Yes, sadly they do. In addition to the normal Sunni vs Shia violence and intolerance that has been raging since the initial emergence of the belief over 1400 years ago, we also have specific laws in Pakistan that are designed to promote intolerance and openly discriminate against any member of the Ahmadiyya Muslim community – in one word, ugh!
Is it really true that Islamic charity is strictly only for Muslims?
Once again, yes, this is generally correct. It comes as rather a surprise to many to discover that “charitable” efforts within an Islamic context are very rigidly discriminatory in nature.
Altruism is part of our human nature and so many beliefs practise the concept of encouraging those within the community to contribute to a fund that can then be utilised to help others, usually without discrimination. Religious belief has no monopoly on this and so today in a secular context there are secular charities such as Doctors Without Borders or Amnesty International that enable us to manifest our human altruism and willingness to help those in need without recourse to a belief.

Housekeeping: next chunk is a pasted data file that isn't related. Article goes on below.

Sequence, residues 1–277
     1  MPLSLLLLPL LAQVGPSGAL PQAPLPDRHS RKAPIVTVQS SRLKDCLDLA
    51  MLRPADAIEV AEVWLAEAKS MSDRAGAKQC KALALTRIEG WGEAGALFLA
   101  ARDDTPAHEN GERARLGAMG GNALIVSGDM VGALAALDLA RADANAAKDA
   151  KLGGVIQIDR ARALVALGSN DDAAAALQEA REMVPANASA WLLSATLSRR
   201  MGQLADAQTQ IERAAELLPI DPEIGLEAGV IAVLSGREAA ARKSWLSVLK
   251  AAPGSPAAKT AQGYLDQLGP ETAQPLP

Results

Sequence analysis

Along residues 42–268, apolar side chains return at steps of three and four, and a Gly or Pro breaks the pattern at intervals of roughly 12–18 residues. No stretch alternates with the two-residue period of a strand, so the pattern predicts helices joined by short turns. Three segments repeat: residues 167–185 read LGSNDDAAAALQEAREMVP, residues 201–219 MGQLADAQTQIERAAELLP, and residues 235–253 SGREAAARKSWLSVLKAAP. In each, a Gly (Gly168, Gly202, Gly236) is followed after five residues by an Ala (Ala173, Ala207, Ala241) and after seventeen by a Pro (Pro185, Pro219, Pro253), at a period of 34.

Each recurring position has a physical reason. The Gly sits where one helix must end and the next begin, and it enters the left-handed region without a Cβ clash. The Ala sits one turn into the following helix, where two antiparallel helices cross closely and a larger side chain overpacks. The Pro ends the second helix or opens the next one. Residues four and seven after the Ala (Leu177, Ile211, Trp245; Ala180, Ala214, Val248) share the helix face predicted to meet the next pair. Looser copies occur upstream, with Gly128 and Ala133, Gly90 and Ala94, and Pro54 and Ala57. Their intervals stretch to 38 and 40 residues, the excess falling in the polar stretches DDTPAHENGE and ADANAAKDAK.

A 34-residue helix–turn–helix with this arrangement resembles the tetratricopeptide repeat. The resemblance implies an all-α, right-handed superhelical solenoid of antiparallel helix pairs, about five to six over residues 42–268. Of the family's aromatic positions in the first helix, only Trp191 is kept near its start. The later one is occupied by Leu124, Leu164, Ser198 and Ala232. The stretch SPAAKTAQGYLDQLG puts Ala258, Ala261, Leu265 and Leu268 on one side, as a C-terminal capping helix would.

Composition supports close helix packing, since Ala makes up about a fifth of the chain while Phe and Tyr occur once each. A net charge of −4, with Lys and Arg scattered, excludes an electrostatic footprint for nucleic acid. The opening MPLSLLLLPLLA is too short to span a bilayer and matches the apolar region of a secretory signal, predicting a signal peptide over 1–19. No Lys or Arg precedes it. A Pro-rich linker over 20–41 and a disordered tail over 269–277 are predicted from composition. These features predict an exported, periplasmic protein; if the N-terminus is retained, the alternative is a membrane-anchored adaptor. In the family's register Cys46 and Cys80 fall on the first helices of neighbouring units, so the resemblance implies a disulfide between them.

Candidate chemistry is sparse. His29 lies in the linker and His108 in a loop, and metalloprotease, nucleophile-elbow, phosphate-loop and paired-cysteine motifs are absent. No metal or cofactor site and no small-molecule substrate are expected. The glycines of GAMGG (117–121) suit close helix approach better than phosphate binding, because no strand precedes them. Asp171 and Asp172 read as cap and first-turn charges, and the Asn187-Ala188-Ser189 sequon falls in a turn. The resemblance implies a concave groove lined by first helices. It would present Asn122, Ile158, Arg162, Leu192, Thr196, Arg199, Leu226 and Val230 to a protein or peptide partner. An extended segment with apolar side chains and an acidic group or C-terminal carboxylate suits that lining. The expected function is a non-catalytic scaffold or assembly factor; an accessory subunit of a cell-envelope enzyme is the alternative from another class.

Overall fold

So what what is this Islamic charity?
Well it turns out that it is culturally something a bit different than our normal charity concept.
It is a generally accepted Islamic concept that roughly about 2.5% of your income must be given. This is known as Zakat. The divergence of thinking on it is that for some this is mandatory and for others it is voluntary. It is also seen as a tax and also as a way to purify your income. The source for all of this is the Quran itself and because it is mentioned there (in 7:156, 19:31, 19:55, 21:73, 23:4, 27:3, 30:39, 31:4 and 41:7). Net effect, since it is in the Quran then this is not negotiable, and so has led to it being collected by force by some. Today it is legally mandatory in Libya, Malaysia, Pakistan, Saudi Arabia, Sudan, and Yemen, and so not paying is on par with not paying income tax. This income is strictly seen as something that should only ever be used to benefit Muslims and the Muslim community. One other thought, as you might expect, there has been, and still is, rather a lot of financial abuse going on.